Plant Management Agreement

Plant Management Agreement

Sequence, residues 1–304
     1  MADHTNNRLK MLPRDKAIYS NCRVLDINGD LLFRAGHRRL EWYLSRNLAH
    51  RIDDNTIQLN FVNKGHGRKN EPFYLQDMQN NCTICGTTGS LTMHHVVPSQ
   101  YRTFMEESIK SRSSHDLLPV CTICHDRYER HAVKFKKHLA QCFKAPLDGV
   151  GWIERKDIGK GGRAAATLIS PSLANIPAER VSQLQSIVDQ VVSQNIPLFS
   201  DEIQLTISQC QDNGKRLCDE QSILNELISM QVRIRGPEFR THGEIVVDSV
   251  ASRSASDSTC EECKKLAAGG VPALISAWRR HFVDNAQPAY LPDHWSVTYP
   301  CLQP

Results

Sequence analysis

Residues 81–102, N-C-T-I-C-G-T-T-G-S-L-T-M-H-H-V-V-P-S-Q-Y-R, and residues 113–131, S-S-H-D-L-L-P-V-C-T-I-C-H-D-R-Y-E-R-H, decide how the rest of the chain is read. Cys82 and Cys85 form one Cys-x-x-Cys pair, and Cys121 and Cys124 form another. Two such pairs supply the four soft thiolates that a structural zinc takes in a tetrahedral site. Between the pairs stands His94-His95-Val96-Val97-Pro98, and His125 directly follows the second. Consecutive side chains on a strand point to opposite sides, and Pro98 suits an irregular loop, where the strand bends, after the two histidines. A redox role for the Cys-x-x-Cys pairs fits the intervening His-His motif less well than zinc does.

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This incident weighed on the relationship between the company and the contractor, and similar incidents occurred. The terms of the agreement prevented the contractor from carrying out maintenance work on equipment necessary to reduce energy, chemical and other operating costs. 2) Each plant in the company had different ownership origins and had developed its own standards, including how “maintenance costs” and “maintenance times” were defined. In one plant, components that were in contact with the product and performing a processing function (e.g.B. filters and tabs) were billed to the operating budget, while these components were allocated to the maintenance budget at another plant. Indeed, in some factories, different definitions have been used in different departments. One question that can be asked is: “Is maintenance part of our “core business”? Let`s look at some examples. If the business is a hospital where the turnover is generated by the sale of medical services and where the maintenance consists of certain specialized activities. B, such as janitorial, maintenance of the H-V system and repair of advanced medical diagnostic and surveillance systems, the allocation of these activities is certainly the best approach. However, if your business is an old process industry, where most maintenance work includes inspections and repairs of production machinery, maintenance and operation as a team are just as important to the “core business” of product manufacturing, and maintenance should probably be performed by trained employees. It goes without saying that any agreement must include standards of safety, environment and quality of work, in addition to the principles set out in this article, which must be respected by both the company and the contractor. Similarly, “maintenance downtime” has never been sufficiently defined and varies greatly from facility to facility. In the past, downtime had been allocated either on the basis of operation or maintenance, based on the person responsible for the failure, a practice that will test even the most powerful maintenance/operation partnership.